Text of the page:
84 Years of Excellence
The Sugar Bowl Consistently Showcases the Best College Football has to Offer
From the first Sugar Bowl in 1935 through this year’s 84th Allstate Sugar Bowl Classic (January 1, 2018) at the world-famous Mercedes-Benz Superdome, the goal of the event has remained the same – to create the best game possible. Over its storied football history, the Sugar Bowl Classic has hosted many of the best coaches, players, and teams in college football history. Forty-eight Hall of Fame coaches have stalked the sidelines of the Sugar Bowl, while 17 Heisman Trophy winners and countless All-Americans have shown their skills in the New Orleans event. Throughout history, Sugar Bowl fans have had the opportunity to experience the brilliance of 27 national championship teams as well as seven match-ups between the top two teams in the nation – true national championship games.
Throughout its 83-year history, the Sugar Bowl has remained one of the most prominent and successful voluntary non-profit organizations in the country. Since its founding by a group of civic enthusiasts led by businessman and attorney Warren Miller and sports journalist Fred Digby, the Sugar Bowl’s mission has remained the same: to stage amateur athletic events for the purpose of promoting the singular allure of New Orleans while creating a positive climate for the local economy by bringing more than 100,000 visitors annually to the Crescent City.
While Heisman Trophy winners in the bowl have been commonplace, there have been many other outstanding players in the Sugar Bowl Classic. The all-time list of Miller-Digby Award winners as the Most Outstanding Players of the Sugar Bowls reads like a who’s who list of NFL stars, beginning with 1948 winner Bobby Layne, the Texas star who went on to an NFL Hall of Fame career. Following Layne is a long line of MVPs who went on to professional greatness, including New Orleans-own Archie Manning (Ole Miss), Kenny Stabler (Alabama), Herschel Walker (Georgia), Dan Marino (Pittsburgh), Bo Jackson (Auburn) and Jerome Bettis (Notre Dame).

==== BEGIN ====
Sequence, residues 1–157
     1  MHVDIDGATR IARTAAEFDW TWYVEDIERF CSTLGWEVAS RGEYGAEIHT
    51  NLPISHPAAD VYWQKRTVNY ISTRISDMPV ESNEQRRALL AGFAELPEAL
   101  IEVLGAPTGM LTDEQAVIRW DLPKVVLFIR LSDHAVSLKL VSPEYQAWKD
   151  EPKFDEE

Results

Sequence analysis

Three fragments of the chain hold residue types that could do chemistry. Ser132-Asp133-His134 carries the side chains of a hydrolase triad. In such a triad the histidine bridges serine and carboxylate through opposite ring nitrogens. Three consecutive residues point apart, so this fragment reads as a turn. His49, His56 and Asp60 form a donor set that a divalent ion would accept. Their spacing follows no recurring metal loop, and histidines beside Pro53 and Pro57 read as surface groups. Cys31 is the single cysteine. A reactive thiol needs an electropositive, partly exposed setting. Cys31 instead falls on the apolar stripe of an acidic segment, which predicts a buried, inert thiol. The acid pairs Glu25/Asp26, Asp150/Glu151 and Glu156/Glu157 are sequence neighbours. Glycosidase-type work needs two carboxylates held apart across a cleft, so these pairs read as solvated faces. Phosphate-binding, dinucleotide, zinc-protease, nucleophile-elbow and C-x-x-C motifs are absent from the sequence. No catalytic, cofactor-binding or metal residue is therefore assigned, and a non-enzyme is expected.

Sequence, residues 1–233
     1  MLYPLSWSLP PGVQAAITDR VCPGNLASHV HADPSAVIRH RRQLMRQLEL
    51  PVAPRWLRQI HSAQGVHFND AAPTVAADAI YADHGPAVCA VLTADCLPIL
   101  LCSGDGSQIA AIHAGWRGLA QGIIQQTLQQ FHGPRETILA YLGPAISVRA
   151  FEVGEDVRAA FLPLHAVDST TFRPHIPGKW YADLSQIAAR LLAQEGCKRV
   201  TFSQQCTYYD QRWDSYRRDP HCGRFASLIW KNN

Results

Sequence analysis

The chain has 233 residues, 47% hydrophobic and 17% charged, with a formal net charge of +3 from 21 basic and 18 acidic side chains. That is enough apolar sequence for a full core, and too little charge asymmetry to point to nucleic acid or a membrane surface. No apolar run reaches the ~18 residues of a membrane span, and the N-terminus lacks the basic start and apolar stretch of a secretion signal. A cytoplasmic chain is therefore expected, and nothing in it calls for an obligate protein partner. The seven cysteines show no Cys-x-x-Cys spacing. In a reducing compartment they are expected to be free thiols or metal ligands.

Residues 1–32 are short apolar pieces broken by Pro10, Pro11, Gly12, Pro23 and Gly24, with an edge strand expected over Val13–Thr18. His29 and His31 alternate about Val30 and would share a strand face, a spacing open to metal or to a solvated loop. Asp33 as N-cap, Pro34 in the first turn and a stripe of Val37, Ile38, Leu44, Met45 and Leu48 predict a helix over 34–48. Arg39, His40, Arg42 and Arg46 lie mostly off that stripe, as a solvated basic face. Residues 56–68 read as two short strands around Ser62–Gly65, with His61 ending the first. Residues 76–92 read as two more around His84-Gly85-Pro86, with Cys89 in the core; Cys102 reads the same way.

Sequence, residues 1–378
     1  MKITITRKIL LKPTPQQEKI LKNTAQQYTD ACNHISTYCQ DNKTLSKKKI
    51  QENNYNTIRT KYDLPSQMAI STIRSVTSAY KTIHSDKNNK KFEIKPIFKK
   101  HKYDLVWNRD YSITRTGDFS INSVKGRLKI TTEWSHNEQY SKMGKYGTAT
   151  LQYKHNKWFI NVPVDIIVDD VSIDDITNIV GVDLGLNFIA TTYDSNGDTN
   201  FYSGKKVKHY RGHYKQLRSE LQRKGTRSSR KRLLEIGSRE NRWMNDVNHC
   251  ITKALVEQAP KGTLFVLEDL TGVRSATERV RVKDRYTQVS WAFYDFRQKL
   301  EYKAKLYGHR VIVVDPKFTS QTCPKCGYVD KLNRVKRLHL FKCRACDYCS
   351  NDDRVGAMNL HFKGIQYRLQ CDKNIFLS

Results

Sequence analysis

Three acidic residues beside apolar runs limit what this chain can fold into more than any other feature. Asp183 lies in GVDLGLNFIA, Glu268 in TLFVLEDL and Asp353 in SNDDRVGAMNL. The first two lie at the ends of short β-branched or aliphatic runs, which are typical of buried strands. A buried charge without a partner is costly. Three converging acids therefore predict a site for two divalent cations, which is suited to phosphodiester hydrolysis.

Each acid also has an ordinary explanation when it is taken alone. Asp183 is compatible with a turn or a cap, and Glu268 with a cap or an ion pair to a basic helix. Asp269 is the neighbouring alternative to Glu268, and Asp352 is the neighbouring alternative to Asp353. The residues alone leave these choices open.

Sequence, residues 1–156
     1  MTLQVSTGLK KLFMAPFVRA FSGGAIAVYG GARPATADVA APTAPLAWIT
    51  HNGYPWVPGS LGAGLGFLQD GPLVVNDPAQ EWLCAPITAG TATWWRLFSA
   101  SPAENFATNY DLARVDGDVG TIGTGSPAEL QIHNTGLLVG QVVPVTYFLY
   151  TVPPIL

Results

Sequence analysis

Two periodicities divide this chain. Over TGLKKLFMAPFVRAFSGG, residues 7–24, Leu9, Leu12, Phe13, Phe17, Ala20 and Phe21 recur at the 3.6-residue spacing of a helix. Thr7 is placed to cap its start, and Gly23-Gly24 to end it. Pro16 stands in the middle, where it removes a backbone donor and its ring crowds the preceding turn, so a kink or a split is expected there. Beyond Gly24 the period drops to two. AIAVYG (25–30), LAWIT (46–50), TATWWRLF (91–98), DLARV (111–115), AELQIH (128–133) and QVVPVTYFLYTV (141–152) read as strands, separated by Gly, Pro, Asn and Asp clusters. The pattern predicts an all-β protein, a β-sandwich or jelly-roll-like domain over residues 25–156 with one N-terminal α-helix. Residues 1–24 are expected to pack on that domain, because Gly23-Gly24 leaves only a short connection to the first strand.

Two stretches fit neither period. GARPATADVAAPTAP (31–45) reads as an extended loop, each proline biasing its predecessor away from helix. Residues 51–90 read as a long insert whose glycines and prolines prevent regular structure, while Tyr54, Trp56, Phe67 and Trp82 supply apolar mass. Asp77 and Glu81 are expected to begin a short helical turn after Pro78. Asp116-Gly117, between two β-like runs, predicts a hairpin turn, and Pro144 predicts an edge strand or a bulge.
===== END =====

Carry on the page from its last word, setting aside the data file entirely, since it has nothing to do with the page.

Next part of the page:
In addition to the 47 Hall of Fame coaches the game has hosted, there have been 92 Sugar Bowl players who have gone on to the College Football Hall of Fame, including Tony Dorsett (Pittsburgh), Davey O’Brien (TCU), Deion Sanders (Florida State), Lee Roy Selmon (Oklahoma), Steve Spurrier (Florida) and Curt Warner (Penn State).
Recent Sugar Bowls have continued to showcase memorable performances including record-breaking efforts by Florida’s Tim Tebow, who set the bowl record by throwing for 482 yards in an impressive win over Cincinnati in 2010 and Ezekiel Elliott, who recorded the bowl’s best mark for rushing yards with 230 in Ohio State’s College Football Playoff Semifinal victory over Alabama in 2015.
The success of the teams and players on the field have been key to the success of the Sugar Bowl off the field. In its history, the game has welcomes over six million fans to New Orleans to watch the game while providing a week-long list of activities that meets that original 1934 mission of bolstering the region’s economy. Over the past decade, the Allstate Sugar Bowl has brought over $2.5 billion of economic impact to New Orleans and Louisiana. In addition, the national television broadcasts bring further exposure to the region, ensuring additional boosts to the tourism economy – the 2015 Allstate Sugar Bowl was watched by over 28 million people – the largest cable television broadcast in history at the time.
Of course, this degree of success wouldn’t be possible without the efforts of the heart and soul of the Sugar Bowl organization – its volunteer membership. Some of today’s Sugar Bowl volunteers are direct descendants of the original group. Others are newcomers to the organization ready and willing to contribute to a winning team. All are dedicated to the mission of spreading the name and fame of New Orleans worldwide.
Since its inception in 1935, the Sugar Bowl and New Orleans have been synonymous with the best that
college football has to offer.